South Asia, one of the most diverse regions on the planet, houses nearly 15.5% of the world’s flora and 12% of the world's fauna, and many communities depend on this biodiversity for their livelihoods.

Preserving and restoring biodiversity ensures that both humans and wildlife can thrive alongside each other. 

The opportunity

South Asia is in a unique position to develop innovative and sustainable solutions for the loss of biodiversity, due to the intricate interdependence of humans and natural habitats in the region. It stands to lose 6.5% of its GDP if key ecosystems collapse, potentially exacerbating poverty.

Biodiversity is fundamental to our collective well-being and therefore it’s essential that we safeguard our natural resources and foster their sustainable use.



Our solution

We aim to leave behind a legacy for wildlife, preserve biodiversity, and foster coexistence between people and the wildlife they share spaces with. In partnership with leading indigenous conservationists, we champion pioneering and innovative landscape-level initiatives revolving around the key pillars of community, connectivity, and collaboration.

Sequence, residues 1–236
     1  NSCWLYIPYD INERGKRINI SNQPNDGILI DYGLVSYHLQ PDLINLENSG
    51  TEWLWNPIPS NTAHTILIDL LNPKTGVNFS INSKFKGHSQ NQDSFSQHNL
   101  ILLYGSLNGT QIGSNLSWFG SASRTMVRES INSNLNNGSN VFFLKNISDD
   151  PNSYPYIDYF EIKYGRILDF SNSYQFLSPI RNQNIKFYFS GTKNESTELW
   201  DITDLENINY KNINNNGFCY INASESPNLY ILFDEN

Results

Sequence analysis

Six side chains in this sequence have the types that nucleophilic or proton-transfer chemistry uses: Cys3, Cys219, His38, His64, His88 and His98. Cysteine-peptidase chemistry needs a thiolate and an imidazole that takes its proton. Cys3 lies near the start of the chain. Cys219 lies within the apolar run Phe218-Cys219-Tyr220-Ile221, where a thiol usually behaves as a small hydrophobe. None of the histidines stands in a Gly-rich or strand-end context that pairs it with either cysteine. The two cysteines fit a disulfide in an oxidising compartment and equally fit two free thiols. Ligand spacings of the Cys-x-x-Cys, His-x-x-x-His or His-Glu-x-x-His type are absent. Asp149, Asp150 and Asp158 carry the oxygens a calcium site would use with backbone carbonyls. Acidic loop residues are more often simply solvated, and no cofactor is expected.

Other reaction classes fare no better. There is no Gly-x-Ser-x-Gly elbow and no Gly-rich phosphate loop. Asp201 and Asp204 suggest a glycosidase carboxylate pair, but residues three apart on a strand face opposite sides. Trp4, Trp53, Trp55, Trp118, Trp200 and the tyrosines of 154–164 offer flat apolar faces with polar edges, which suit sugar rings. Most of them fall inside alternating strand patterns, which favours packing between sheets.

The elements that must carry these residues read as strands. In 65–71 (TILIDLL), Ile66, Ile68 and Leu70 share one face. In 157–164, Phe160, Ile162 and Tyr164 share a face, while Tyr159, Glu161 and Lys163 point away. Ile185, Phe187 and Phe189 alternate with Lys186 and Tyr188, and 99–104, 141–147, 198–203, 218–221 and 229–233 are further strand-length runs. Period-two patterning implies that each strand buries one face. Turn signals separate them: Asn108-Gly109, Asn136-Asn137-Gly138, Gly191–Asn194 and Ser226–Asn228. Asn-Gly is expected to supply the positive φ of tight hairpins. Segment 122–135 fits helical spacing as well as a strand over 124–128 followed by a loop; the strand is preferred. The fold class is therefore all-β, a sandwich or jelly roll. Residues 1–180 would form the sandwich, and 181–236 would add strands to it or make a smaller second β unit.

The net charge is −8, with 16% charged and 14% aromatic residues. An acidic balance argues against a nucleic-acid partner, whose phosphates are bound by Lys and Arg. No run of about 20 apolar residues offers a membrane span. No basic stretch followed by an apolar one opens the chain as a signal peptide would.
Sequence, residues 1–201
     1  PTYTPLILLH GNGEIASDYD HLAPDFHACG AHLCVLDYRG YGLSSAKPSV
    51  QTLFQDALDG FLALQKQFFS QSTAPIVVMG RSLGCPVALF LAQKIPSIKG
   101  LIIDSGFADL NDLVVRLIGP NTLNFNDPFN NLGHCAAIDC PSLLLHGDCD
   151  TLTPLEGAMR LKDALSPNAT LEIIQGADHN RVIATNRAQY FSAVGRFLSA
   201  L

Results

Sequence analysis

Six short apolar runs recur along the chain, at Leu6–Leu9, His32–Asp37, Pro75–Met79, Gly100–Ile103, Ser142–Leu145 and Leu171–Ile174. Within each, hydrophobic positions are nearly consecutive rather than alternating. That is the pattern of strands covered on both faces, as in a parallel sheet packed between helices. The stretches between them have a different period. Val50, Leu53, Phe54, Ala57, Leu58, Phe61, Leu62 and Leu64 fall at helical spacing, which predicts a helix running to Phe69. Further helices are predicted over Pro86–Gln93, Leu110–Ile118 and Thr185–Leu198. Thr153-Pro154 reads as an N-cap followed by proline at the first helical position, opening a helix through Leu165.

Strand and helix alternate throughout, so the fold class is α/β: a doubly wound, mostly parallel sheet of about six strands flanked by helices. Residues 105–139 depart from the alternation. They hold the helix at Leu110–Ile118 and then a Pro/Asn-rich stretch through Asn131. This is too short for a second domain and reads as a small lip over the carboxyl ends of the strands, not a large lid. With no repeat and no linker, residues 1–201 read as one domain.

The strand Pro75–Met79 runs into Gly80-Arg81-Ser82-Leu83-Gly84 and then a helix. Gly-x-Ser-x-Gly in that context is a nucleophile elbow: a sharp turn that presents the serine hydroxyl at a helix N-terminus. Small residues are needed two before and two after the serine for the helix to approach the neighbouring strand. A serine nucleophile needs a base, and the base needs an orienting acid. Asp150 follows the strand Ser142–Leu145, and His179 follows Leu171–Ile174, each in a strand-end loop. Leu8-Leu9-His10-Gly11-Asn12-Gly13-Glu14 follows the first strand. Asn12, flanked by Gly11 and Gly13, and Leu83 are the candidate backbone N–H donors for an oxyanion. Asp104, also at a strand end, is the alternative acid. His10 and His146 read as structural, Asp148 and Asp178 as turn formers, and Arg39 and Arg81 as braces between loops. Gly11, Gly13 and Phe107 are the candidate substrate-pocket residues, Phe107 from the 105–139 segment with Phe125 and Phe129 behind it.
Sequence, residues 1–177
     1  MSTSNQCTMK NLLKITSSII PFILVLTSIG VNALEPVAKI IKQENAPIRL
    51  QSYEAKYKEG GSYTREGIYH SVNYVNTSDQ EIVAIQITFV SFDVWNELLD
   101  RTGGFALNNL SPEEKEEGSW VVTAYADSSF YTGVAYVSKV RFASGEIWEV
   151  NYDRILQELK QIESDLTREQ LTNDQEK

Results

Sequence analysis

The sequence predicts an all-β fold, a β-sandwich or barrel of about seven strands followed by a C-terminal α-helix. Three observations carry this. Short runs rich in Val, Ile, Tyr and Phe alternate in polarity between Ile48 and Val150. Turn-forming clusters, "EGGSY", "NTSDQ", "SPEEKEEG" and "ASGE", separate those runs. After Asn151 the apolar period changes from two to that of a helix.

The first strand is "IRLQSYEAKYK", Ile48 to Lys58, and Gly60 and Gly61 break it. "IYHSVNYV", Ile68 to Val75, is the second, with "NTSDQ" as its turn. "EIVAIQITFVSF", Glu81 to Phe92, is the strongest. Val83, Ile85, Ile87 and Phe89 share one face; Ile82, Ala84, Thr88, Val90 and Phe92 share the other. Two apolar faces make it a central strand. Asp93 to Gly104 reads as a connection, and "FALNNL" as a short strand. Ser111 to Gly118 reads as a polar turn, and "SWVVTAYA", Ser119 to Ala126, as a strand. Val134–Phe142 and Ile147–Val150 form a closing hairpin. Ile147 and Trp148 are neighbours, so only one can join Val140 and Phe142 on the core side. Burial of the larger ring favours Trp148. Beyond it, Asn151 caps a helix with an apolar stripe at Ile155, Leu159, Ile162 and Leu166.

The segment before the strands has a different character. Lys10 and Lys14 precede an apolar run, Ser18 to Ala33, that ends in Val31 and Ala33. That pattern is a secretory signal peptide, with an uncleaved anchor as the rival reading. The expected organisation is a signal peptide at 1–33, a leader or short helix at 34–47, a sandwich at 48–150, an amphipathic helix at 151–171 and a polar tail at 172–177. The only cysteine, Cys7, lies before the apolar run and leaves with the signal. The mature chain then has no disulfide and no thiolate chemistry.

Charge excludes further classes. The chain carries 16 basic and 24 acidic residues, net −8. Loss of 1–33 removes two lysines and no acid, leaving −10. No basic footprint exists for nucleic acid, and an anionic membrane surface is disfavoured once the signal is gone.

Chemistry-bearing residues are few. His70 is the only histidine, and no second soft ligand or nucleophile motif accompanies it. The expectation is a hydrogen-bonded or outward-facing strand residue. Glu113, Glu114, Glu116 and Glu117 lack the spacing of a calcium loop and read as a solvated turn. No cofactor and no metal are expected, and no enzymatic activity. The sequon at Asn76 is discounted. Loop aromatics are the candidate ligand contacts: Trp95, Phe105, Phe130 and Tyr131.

Our focus areas include:

  • Landscape-level interventions in target regions, including habitat restoration, protection of natural carbon sinks, and connecting fragmented corridors.
  • Local community engagement to raise awareness around conservation and human-wildlife coexistence.
  • Driving sustainable livelihood opportunities for local communities to meet their development needs while reducing their dependence on resources from wildlife habitats.
  • Government engagement and sector building for improved policies, learning and knowledge generation and dissemination.

Our programmes

  • Creating viable habitats in the Western Ghats with the Holématthi Nature Foundation: The Western Ghats are one of the world’s most significant biodiversity hotspots. By reconnecting forest fragments and corridors that support wildlife movement for resources, our work is creating viable habitats for the 300+ globally threatened species who live in the area. This programme, led by award winning conservationist and our long-term partner, Dr Sanjay Gubbi, has achieved the largest expansion of protected areas in India since 1970 by linking together 23 areas of land and thousands of square kilometres.